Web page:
Gaming | 14 Mar 2018 | By Mark van Dijk

Game On!

Time Square Casino in Pretoria

While you’re keeping a laser focus on your slots screen or your blackjack table, it’s easy to ignore what’s happening elsewhere on the casino fl oor. So what are you missing? What are the trends and innovations that are being introduced around the world, and specifi cally at Sun International? We took a look around and found that there’s a lot to be excited about.


While many table games, such as Poker, require skill and chance, slot games are based on the luck of the draw. The result is entirely out of your hands. But what if it wasn’t?

Visitors to the recent Global Gaming Expo 2017 trade show in Las Vegas saw interesting examples of new skills-based games, which combine luck and strategy. ‘A lot of our suppliers are focusing on this new trend,’ says Maartin Olckers, Group Gaming Product Manager at Sun International. There are skills-based gaming test sites open in Las Vegas, ‘but we haven’t seen any results yet to show whether it’s having an impact or not’.

Skills-based games are designed to appeal to younger gamers, many of whom have grown up playing video games, and who enjoy challenges when they play. ‘There’s a concern in the gaming industry around attracting this new generation of gamers. The question we’re asking is, how can we get millennials into our casinos? The thinking is that they’re more interested in gaming than in gambling. From a game development side, the industry is looking at how it can make slot games attractive to this younger market,’ explains Olckers.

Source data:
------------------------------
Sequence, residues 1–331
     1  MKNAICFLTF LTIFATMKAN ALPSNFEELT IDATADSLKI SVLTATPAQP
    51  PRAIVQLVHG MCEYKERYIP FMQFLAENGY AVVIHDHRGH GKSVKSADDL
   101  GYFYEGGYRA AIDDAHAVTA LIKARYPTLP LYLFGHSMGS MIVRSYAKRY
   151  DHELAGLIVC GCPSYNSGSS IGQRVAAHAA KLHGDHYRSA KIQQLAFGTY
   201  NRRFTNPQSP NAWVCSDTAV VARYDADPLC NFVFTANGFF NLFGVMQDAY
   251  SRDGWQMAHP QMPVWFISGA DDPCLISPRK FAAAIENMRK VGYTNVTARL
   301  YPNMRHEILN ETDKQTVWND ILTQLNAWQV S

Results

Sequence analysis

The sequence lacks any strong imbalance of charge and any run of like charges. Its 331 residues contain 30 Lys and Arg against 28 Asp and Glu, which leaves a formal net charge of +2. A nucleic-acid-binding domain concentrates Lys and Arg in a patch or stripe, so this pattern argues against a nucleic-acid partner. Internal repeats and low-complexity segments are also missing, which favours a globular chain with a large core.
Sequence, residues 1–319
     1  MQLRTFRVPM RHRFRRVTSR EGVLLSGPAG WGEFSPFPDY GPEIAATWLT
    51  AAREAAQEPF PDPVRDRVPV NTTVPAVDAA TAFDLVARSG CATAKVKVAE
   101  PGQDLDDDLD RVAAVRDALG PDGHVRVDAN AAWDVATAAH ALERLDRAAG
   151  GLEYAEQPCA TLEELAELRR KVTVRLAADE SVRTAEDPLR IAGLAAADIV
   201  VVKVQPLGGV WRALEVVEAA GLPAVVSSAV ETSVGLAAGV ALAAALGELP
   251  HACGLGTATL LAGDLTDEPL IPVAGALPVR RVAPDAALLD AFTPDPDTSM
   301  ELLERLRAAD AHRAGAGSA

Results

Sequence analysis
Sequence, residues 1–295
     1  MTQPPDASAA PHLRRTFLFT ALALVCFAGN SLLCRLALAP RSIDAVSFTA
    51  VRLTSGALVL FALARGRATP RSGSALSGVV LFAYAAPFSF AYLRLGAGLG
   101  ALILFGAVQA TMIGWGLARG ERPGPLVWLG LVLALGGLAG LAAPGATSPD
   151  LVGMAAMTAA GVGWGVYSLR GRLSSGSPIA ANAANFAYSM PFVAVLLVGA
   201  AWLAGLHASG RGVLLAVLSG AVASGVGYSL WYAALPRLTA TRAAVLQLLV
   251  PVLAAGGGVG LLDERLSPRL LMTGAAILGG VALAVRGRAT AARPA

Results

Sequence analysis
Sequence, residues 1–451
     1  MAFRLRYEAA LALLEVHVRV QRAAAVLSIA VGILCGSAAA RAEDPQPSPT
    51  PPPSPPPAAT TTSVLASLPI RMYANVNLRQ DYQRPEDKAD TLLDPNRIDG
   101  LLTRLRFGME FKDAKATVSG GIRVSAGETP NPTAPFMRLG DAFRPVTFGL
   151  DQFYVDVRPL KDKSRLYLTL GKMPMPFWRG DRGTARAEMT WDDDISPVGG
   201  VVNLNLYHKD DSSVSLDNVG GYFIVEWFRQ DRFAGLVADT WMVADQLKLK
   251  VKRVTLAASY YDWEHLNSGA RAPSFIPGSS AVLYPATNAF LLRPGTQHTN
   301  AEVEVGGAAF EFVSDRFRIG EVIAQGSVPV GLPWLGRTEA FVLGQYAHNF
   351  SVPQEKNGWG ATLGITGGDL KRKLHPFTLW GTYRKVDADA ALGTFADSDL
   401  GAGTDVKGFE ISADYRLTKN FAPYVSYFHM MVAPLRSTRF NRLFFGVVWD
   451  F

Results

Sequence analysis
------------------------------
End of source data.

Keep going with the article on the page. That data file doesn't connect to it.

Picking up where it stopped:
‘Virtual reality is part of the discussion around skills-based gaming,’ Olckers says. There’s a growing sense across the world that casino gaming developers have their eyes on this new and exciting technology. A recent report by tech analysts Grand View Research predicted the VR gaming market will be worth a huge US$45-billion by 2025. Naturally, we’ll see that technology spreading into casino gaming as well.


Another trend is content-based games, or licensed software. ‘It’s been a trend here for the past decade or so and it’s based on the idea of attracting new gamers by using brands they’re already familiar with,’ says Olckers. On the casino fl oor you’ll see an Avengers game here, Game of Thrones game there. ‘If you’re not a gamer but you do follow the movies or the TV series, there’s a chance that the brand recognition will trigger something that might get you to try the game,’ he adds.

Global trend watchers are looking at content-based games to take things a step further this year, off ering content in the form of in-game video clips as rewards for progressive wins.


On 18 December 2017, South Africa’s National Gambling Board implemented its new, technologically advanced National Central Electronic Monitoring System to provide better control over limited payout machines (LPMs). These are slot machines with a limited payout of R500. (If you’ve played Sun Slots you’ll be familiar with them.) The system will control the daily operations of the LPMs, giving players well-rounded protection in case of a malfunction or situation of confl ict. While this won’t affect Sun International’s casinos, it will aff ect Sun Slots. With Evolution’s advanced technology ‘the industry will fi nd itself being supported far more effi  ciently, while punters will also benefi t from newer, more user-friendly ways of gambling on LPMs that would enable the industry to grow’, says South Africa’s Minister of Trade and Industry, Rob Davies.

‘The question we’re asking is, how can we get millennials into our casinos? The thinking is that they’re more interested in gaming than in gambling.’ -Maartin Olckers